One Million Tiny Plays About Britain Hardcover – 2 Mar 2009
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`Taylor captures those delicious moments when we catch morsels of other people's conversation and can't help but be momentarily drawn in ... Like the best comedy sketches ... Taylors plays are acutely observed, exquisitely crafted tragicomedies, rooted in bitter or absurd truths ... They take all of one minute to read, but will make you think for a great deal longer'
-- Sunday Telegraph
A Wonder Woman and bride-to-be finds herself worse for wear at the end of a hen night; a funeral director's love of Manchester United proves unhelpful when talking to the bereaved; two overly-vigilant mothers wrestle with their paranoia in the queue for Santa's Grotto; a widow recounts her disastrous return to the world of dating and a father realises that his son is growing away from him as he helps him tie his football boots. In these snippets of overheard conversations from across the length and breadth of the country, Craig Taylor captures the state we're in with humour and pathos and perfect timing. Laugh-out-loud funny, and sometimes heartbreakingly moving, these tiny plays in which every one of us could have a starring role are little windows into other people's lives that reveal the triumphs, disasters, prejudices, horrors and joys of twenty-first-century life. Hugely entertaining and utterly addictive, this is book that can be dipped into or feasted upon in one sitting. It will change the way you listen to the world around you, and train journeys will never be the same again.See all Product description
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Each of the 94 playlets are numbered, with a short description, and this rather concise introduction works surprisingly well, as the reader launches straight into the midst of the dialogue and discover what the issue is. It could be an insight into the social mores, like the two elderly women who fight to pay for tea at a cafe in Lichfield, till the politeness turns into something of a power struggle.
In another snippet, a young man tries to sell his copy of a Bob Dylan album at a used record shop in Derby, and unwittingly upsets the guy behind the counter,a serious music aficionado who is shocked with his lackadaisal attitude to what he obviously esteems as high art. However, the young man fails to see what the fuss is about:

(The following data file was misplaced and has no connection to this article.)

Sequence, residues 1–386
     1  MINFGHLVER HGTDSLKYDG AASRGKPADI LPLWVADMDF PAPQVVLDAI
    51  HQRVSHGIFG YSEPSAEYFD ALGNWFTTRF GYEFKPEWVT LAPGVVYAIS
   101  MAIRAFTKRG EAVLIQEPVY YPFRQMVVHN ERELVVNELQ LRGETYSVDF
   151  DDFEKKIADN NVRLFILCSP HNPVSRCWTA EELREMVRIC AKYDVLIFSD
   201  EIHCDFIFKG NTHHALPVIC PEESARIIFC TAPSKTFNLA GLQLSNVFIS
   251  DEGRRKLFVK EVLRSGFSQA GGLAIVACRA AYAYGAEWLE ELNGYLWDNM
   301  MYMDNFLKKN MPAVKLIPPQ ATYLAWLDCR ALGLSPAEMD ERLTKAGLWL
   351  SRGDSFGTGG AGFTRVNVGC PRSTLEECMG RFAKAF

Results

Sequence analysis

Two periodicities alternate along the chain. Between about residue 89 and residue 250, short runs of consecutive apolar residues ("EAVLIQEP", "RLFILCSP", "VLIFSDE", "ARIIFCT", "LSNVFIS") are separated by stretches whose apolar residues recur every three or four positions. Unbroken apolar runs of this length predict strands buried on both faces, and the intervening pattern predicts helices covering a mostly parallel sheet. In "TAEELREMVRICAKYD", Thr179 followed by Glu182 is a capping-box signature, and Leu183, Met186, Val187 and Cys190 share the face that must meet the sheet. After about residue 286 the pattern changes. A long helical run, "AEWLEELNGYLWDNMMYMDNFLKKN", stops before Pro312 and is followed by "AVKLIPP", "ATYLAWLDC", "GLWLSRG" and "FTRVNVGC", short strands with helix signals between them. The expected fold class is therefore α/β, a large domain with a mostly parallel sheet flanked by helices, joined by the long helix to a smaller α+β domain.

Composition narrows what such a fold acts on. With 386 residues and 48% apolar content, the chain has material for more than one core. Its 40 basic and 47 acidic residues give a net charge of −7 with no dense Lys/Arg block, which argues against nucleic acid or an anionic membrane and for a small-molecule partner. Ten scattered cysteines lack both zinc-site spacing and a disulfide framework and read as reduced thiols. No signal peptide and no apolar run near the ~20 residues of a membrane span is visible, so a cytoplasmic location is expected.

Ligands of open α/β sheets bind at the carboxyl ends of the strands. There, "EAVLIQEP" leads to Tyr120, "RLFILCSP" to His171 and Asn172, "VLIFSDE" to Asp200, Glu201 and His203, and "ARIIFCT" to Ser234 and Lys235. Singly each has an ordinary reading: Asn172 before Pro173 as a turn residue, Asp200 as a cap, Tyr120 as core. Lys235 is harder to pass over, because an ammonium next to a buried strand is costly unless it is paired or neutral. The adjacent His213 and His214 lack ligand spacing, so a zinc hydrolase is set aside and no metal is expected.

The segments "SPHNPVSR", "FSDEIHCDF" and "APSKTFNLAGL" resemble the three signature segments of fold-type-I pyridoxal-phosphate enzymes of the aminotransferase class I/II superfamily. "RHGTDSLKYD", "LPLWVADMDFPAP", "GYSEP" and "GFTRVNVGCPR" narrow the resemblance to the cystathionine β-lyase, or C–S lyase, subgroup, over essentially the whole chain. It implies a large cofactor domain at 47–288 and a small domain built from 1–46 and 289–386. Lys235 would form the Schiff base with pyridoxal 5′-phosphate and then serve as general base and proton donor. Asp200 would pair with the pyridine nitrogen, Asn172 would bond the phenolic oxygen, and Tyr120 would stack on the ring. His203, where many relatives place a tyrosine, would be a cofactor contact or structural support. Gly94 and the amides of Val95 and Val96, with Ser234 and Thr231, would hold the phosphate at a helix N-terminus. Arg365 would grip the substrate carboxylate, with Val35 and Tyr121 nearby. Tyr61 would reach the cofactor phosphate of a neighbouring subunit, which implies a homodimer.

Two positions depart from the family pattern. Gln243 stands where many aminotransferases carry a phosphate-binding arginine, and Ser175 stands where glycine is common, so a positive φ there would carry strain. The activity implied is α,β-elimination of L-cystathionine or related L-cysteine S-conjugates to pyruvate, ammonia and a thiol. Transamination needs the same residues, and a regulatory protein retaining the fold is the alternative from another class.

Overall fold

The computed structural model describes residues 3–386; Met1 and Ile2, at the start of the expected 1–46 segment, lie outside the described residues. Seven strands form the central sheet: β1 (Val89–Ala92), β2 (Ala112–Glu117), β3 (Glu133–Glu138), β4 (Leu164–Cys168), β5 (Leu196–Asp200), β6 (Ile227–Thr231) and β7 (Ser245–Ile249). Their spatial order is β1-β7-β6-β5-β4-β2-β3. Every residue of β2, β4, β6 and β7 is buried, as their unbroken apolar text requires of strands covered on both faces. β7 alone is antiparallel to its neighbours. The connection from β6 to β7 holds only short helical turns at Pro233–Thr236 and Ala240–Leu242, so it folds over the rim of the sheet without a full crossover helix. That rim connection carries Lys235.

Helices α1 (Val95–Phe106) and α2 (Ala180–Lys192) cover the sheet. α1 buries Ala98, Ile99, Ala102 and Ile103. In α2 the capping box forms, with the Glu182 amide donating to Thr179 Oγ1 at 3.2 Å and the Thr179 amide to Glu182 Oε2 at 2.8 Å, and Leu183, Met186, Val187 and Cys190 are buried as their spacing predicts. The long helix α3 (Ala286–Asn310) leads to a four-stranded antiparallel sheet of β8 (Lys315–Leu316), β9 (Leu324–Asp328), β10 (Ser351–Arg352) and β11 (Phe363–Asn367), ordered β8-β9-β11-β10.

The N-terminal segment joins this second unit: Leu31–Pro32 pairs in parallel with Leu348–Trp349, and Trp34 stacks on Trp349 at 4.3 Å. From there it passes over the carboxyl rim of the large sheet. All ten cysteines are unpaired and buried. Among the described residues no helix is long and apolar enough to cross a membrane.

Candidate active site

Tim: Not a big fan of him.
Bill: 'Him'? Sort of like saying you're not a fan of breathing.
Tim: I never heard anything by Breathing.
A businessman, Alan, laments about his foreign domestic help to his friend Gordon. When he refers to her as Latvia, Gordon is surprised, and Alan explains: "I just think it's disrespectful when you don't know how to say someone's name properly. So this works."
In capturing what people say in a direct manner, Taylor manages to reveal how sometimes we say more than we know, and are none the wiser for how transparent and contradictory we are. The plays work because they make an acute observation of how people talk but fail to communicate, or even if they do, they listen only to what they want to, filtering out the rest.
You might hear the same sort of conversations in your daily life and the author has a gift for making them come alive so that you can imagine them actually taking place and almost hear the dialogue. I found this book compulsive reading and had to go on to the next one even though I kept thinking I'd save some for later. It is a good book to dip into because each play is complete in itself and would be an idea book to read during a daily commute.
If you're looking for a Crime Thriller novel however, try this one:
It certainly gave me plenty and was very entertaining.
With a minimalistic but imaginative setting you could portray a number of these slices of life in quick succession.
I didn't laugh out loud but definately smirked in recognition of the 'Britishness' that it encaptured.
Thoughtful and poignant, the book is easily dipped into and enjoyed, even if you don't want to produce anything theatrical.